Historian Stephen Platt on the likelihood of a violent revolution today:
The Qing Dynasty, founded in 1644 by Manchu tribesmen who conquered China from the north, was brought down by a highly organized revolutionary movement with overseas arms and financing and a coherent governing ideology based on republican nationalism. The Communist Party today faces nothing like that.
What it does face, however, is enormous, inchoate rural unrest. The dark side of China’s economic rise has been a shocking widening of the gulf between the prosperous coast and the poverty-stricken interior, a flourishing of corruption among local officials and, by such data as we can gather, widespread anger and discontent. The government has acknowledged tens of thousands of yearly “mass incidents,” which can range anywhere from a handful of elderly widows protesting a corrupt real estate grab to communities in open revolt (like the southern village of Wukan) to murderous ethnic rioting, as occurred in the last few years in western Xinjiang Province and in Inner Mongolia.
In that sense, it is instead the Taiping Rebellion, which nearly toppled the Qing Dynasty 50 years earlier, that bears the strongest warnings for the current government.
What was so remarkable, and so troubling, about the Taiping Rebellion was that it spread with such swiftness and spontaneity. It did not depend on years of preliminary “revolutionary” groundwork (as did the revolution that toppled the monarchy in 1912 or the 1949 revolution that brought the Communists to power). And while Hong’s religious followers formed its core, once the sect broke out of its imperial cordon and marched north, it swept up hundreds of thousands of other peasants along the way — multitudes who had their own separate miseries and grievances and saw nothing to lose by joining the revolt.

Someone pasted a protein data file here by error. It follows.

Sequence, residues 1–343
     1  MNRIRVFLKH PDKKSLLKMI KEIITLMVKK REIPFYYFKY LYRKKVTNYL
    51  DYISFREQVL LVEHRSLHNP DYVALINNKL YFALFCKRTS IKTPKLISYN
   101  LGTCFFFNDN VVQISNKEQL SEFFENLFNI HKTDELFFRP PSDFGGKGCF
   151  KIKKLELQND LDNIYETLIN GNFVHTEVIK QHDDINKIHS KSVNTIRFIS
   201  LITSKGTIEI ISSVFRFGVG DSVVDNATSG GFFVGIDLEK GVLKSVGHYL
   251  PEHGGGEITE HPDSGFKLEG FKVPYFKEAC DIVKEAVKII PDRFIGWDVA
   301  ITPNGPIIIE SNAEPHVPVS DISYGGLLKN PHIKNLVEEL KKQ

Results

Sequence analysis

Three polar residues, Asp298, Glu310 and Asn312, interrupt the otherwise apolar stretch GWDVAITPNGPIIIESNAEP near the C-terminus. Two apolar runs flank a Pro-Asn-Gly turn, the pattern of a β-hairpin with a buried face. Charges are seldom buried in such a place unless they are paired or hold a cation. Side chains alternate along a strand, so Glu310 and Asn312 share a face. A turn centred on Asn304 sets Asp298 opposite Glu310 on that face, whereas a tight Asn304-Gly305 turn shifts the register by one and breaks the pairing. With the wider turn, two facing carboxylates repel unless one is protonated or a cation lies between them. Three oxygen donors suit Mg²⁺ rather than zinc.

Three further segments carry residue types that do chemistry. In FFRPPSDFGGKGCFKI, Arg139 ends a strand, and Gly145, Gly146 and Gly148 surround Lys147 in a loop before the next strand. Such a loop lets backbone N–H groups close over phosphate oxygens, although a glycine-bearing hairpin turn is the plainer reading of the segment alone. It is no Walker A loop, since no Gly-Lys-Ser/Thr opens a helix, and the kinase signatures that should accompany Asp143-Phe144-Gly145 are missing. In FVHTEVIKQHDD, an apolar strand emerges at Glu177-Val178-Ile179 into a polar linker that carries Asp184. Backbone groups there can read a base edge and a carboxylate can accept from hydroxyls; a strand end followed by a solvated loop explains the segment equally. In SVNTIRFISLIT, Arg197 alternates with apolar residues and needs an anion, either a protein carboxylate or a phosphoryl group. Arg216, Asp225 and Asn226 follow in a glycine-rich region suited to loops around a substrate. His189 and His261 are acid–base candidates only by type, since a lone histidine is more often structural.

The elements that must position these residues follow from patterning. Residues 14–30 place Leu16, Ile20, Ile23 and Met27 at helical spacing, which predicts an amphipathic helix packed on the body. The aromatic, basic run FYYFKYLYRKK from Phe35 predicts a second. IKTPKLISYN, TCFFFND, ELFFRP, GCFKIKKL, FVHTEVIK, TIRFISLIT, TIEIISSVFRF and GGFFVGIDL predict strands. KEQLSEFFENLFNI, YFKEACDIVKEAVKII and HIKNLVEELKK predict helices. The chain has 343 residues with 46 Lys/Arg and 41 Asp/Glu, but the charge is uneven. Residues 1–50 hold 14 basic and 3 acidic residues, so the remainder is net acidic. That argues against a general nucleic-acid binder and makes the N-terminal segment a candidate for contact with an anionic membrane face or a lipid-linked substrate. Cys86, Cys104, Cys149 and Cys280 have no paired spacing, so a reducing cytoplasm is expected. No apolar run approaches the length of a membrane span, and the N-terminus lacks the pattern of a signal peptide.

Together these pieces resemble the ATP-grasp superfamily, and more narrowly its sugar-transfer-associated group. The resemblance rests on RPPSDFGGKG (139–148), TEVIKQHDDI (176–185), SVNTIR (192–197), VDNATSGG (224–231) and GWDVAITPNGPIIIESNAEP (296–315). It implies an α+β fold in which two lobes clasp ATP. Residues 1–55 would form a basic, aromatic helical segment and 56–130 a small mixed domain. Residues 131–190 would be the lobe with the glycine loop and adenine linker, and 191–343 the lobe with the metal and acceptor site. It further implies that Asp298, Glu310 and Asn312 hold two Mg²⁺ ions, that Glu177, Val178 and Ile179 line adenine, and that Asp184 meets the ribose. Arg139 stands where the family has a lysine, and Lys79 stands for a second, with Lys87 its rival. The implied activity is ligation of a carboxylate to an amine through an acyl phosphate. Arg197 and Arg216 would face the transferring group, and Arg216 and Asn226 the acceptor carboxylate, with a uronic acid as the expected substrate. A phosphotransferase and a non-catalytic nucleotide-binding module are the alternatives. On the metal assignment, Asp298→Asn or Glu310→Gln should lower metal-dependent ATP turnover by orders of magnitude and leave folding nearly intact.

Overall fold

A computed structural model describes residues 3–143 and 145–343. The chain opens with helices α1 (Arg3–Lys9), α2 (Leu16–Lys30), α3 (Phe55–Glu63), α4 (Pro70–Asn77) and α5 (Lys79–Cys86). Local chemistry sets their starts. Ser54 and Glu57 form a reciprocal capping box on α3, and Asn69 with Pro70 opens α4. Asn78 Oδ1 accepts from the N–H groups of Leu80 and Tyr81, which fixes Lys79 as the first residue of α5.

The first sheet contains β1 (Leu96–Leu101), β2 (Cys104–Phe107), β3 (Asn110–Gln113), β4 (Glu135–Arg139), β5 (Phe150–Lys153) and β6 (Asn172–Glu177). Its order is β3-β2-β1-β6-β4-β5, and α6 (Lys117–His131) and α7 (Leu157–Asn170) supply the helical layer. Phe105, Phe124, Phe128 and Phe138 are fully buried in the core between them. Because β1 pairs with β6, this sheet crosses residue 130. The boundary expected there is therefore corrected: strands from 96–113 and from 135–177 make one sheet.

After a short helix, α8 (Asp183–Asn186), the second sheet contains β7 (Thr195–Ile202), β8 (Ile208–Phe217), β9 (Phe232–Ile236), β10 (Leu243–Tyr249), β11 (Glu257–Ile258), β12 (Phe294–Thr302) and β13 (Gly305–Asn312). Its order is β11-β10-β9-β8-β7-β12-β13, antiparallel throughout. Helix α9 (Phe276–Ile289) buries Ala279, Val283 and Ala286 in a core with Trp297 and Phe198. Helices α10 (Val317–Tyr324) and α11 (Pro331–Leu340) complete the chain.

Beijing has learned its lessons from the past. We see this in the swift and ruthless suppression of Falun Gong and other religious sects that resemble the Taiping before they became militarized. We can see it in the numbers of today’s “mass incidents.” One estimate, 180,000 in 2010, sounds ominous indeed, but in fact the sheer number shows that the dissent is not organized and has not (yet) coalesced into something that can threaten the state. The Chinese Communist Party would far rather be faced with tens or even hundreds of thousands of separate small-scale incidents than one unified and momentum-gathering insurgency. The greatest fear of the government is not that violent dissent should exist; the fear is that it should coalesce.
He also describes the end of the Taiping Rebellion, where the British ultimately stepped in to preserve the Qing dynasty. Given the scale of economic links, he asks, would global powers like America end up doing the same to preserve Communist Party rule? It’s a good question, although I think China’s rise and ongoing American fears of China pushing America out of east Asia entirely might radically change the equation this time.